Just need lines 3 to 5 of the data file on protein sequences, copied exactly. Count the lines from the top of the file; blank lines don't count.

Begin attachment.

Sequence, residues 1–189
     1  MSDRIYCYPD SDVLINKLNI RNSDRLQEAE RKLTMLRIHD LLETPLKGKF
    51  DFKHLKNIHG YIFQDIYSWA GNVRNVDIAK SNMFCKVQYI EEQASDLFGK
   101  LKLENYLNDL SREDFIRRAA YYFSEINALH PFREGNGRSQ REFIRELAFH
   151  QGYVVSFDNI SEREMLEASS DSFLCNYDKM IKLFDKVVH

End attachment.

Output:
    51  DFKHLKNIHG YIFQDIYSWA GNVRNVDIAK SNMFCKVQYI EEQASDLFGK
   101  LKLENYLNDL SREDFIRRAA YYFSEINALH PFREGNGRSQ REFIRELAFH
   151  QGYVVSFDNI SEREMLEASS DSFLCNYDKM IKLFDKVVH